This moderate length loop hike sits between Farmington and Strafford, and sports multiple trail options for different skill levels. Blueberry patches can be found peppered throughout this hike on all trail options.

The loop to Blue Job peak, also featuring a fire tower, is just over a mile round trip and comparable to Squam’s popular Rattlesnake Mountain.

A larger, three-and-a-half mile loop stretches around the North side of the summit, through more gradual forest trails, past plentiful wildflowers and a still pond to Little Blue Job, where locals say the views are even better. The gradual pitch on the longer loop makes it a great day hike for kids but remember not to pick the Lady Slippers.


For the more advanced hiker, Percy Peaks Trail in Stratford is an option that will make you earn your harvest. North Percy’s exposed, rocky summit wears low-bush blueberries like a great blue halo, offering a rewarding snack after a moderate length but athletic hike.

Hikers can either follow the Percy Peaks Trail, shorter at just under four miles but steeper, or the Percy Loop Trail, a five mile, more gradual approach from the North side.

The first mile or two of each hike is somewhat gradual, while the second half is steep and involves exposed granite faces that can be slippery when wet. If trying to make a weekend trip out of it, there is a campsite about 1.5 miles along the loop trail.


As noted above, wild blueberries are smaller, about pea sized, than farm-grown ones, with a an intense flavor that is both sweet and pleasantly tart. Their petite stature means they have a lower water content than plump, farmed berries. Less water makes them great for baking: they reduce faster, require less added sugar, and won’t sog out your pie crust or muffin batter.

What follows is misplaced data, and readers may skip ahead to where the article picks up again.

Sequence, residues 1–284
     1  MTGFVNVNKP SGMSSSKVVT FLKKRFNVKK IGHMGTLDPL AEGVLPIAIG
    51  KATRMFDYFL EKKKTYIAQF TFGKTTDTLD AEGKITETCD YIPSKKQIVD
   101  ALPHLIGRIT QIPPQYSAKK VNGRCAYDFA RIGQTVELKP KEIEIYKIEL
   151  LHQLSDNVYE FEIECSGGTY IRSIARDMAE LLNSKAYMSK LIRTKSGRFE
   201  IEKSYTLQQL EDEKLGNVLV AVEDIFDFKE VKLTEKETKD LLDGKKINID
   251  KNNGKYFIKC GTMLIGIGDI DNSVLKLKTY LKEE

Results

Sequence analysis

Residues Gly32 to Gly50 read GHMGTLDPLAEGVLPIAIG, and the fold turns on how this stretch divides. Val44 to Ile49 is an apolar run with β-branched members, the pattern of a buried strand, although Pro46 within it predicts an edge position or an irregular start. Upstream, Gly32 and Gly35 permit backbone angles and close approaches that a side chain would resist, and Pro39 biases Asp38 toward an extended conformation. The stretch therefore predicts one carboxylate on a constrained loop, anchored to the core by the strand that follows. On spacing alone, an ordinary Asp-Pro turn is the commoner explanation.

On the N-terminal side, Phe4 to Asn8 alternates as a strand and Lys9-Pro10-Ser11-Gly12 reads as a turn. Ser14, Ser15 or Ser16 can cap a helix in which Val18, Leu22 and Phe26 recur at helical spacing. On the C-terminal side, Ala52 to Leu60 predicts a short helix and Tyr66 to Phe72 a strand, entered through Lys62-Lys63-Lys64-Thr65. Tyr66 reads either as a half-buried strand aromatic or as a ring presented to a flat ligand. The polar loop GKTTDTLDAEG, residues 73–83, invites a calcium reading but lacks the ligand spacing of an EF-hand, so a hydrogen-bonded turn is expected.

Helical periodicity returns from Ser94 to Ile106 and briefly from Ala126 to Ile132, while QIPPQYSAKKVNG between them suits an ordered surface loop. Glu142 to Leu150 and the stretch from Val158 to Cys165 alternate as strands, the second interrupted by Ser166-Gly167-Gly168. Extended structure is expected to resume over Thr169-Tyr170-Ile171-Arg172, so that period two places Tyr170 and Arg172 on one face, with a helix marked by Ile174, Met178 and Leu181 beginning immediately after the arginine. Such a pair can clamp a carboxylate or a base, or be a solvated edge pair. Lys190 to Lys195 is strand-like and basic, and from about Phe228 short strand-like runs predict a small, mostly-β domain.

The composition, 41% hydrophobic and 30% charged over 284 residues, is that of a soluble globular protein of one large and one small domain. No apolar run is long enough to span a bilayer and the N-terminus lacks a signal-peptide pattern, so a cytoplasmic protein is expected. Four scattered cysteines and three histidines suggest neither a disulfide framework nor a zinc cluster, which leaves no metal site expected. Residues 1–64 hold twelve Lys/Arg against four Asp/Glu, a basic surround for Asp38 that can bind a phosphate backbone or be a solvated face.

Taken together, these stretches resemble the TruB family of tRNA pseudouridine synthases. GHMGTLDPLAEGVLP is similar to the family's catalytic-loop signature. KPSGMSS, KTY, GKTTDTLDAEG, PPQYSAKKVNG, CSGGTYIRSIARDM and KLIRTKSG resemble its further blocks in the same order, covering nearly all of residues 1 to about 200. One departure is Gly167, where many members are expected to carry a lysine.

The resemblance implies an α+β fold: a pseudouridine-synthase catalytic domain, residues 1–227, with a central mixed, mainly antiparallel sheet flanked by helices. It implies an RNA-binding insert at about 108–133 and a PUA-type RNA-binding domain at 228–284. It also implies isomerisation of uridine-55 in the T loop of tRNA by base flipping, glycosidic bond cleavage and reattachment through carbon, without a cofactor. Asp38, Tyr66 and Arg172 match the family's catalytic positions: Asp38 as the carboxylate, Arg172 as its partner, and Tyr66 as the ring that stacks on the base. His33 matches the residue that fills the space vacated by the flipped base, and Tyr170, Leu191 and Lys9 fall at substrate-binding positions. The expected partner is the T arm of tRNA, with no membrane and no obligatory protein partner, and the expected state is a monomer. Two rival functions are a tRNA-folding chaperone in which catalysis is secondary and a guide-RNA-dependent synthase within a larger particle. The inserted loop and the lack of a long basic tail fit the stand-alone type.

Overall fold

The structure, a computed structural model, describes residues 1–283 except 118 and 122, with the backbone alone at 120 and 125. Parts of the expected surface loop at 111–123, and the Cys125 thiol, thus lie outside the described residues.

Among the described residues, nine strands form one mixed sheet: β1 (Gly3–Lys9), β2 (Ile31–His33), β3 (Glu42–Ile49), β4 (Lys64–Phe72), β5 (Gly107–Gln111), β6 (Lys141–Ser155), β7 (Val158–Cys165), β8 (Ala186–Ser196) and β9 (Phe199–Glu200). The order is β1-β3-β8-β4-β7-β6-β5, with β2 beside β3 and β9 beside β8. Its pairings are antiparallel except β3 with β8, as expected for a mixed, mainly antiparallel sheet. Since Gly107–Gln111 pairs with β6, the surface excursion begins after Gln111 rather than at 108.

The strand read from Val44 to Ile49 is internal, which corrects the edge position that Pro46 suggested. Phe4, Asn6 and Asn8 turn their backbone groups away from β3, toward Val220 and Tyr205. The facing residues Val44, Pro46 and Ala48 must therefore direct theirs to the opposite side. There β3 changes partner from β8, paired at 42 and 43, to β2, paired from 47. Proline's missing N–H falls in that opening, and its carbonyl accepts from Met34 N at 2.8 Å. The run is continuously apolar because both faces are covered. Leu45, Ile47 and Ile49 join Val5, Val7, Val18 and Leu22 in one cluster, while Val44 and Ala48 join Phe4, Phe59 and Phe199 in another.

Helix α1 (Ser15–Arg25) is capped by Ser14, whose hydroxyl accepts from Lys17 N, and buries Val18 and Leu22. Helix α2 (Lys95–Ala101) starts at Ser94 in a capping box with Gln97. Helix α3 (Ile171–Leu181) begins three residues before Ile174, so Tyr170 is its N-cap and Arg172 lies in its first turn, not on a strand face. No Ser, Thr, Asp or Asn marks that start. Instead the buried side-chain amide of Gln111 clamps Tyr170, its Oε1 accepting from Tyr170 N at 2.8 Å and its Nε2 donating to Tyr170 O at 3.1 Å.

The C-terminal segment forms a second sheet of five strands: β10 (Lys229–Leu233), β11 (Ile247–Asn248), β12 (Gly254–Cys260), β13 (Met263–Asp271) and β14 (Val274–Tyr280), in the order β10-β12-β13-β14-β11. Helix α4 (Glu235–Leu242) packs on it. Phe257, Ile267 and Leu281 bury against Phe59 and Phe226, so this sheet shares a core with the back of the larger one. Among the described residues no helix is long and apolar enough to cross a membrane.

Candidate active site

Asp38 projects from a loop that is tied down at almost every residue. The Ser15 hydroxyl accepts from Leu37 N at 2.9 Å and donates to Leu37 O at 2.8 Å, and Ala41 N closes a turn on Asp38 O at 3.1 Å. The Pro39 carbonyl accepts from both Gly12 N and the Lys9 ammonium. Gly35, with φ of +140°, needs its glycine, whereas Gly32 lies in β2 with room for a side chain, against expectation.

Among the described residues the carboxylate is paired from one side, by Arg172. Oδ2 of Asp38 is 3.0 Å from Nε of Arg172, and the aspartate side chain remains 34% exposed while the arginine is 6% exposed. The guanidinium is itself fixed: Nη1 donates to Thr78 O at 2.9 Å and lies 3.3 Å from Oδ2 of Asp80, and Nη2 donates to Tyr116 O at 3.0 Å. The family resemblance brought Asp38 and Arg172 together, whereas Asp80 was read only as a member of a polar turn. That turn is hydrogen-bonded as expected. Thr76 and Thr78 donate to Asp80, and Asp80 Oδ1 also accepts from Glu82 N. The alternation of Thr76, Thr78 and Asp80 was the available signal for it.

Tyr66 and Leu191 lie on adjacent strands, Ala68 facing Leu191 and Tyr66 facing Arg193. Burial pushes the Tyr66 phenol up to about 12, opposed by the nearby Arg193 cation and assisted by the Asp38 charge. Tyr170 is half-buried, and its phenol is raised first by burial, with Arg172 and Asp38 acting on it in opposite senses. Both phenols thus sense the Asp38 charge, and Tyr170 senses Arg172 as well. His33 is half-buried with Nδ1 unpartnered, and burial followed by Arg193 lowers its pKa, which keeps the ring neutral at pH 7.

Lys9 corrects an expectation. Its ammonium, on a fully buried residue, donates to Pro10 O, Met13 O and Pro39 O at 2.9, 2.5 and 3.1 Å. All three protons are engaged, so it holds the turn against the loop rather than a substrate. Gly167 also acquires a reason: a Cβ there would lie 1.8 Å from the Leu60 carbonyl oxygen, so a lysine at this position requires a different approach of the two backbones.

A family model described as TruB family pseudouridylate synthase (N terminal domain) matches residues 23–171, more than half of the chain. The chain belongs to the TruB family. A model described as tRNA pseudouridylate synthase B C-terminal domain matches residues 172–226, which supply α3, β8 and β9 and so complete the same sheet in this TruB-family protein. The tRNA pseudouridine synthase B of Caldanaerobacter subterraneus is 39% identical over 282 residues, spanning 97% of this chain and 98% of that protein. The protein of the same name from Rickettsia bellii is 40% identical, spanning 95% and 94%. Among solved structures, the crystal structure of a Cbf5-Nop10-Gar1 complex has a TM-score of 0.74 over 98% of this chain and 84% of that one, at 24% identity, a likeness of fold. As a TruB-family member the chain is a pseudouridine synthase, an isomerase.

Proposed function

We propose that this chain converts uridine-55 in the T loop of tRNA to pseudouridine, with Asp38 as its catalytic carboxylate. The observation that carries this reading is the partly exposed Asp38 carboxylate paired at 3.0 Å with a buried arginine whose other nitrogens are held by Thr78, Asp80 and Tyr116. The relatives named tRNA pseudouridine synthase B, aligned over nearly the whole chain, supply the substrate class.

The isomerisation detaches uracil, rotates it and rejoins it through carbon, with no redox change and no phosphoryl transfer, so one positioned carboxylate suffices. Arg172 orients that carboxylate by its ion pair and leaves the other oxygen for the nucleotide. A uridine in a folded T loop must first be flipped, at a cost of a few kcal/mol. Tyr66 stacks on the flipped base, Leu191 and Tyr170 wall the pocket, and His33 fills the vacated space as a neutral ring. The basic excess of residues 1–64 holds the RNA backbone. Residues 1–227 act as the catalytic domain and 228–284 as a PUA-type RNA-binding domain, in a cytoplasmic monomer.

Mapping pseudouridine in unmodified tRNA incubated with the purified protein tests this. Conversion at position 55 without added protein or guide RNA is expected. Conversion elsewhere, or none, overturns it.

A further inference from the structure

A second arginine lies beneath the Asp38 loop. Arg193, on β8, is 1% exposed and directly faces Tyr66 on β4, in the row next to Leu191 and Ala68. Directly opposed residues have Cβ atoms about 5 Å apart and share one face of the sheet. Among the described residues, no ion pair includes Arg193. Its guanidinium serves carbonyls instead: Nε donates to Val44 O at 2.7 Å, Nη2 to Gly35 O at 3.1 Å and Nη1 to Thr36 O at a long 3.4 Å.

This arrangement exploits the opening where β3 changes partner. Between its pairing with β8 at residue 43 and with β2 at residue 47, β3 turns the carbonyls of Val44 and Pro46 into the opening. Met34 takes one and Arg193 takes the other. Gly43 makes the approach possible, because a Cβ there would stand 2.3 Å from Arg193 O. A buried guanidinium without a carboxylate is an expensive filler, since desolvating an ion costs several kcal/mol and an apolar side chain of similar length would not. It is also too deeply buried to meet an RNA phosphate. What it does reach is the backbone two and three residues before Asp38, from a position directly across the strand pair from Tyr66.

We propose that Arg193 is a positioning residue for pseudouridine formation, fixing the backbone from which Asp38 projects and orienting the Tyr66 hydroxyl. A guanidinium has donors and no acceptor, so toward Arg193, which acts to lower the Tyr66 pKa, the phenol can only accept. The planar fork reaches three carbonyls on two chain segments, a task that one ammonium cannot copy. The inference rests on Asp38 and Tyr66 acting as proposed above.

When you get your berries home, wash them. To do this, float your berries in a large bowl of water. As you gently swirl them around, pick off the stems, which, along with any tag-a-long dirt and bugs, will float to the top of the bowl while most of the berries should sink.

Once your berries are clean, lay them to dry on a dish towel. If you plan to use them within a week, go ahead and store them in the fridge. Any berries that you are saving for later can go in the freezer in an air-tight container. Berries retain their sweet flavor and nutrients when frozen, so there is no rush to use them all at once (they even make a pretty good cold, munchable snack).

If you do decide to bake with your harvest, check to see if the recipe you are using calls for wild blueberries. If it does not, you should cut down on the sugar (taste everything!) and add some thickener, like corn starch. If you are unsure, swapping out half a serving of regular blueberries with wild blueberries is a safe bet.

Looking for a simple, delightful recipe to get started? Blueberry crisp is easier than pie, and tastes just as good for breakfast the next day. This recipe is also very kid friendly.

Preheat your oven to 325?. Combine 6 cups wild blueberries in a bowl with the zest and juice of ½ lemon, 3 Tablespoons sugar, and a pinch of salt. Stir well by hand and place in baking container. Peaches or apples can make a nice companion to the blueberries; if you choose to add them, cut back on the blueberries.

Next, mix ¼ cup brown sugar, 1 Tablespoon cinnamon, 1/8 teaspoon nutmeg, ½ cup all purpose, whole wheat, or almond flour, 2/3 cup rolled oats, ¼ cup maple syrup, 1/8 teaspoon salt, and half a stick of butter in a large bowl. Use your fingers to break the butter into pea-sized pieces, then stir the mixture to combine. Lay evenly over fruit in baking container.

Bake for about 45 minutes or until the fruit starts to bubble at the edges of the crust. If you are worried about the crust browning too fast, cover the dish with foil.

Enjoy however you want, whenever you want, and savor the fruit of your labor.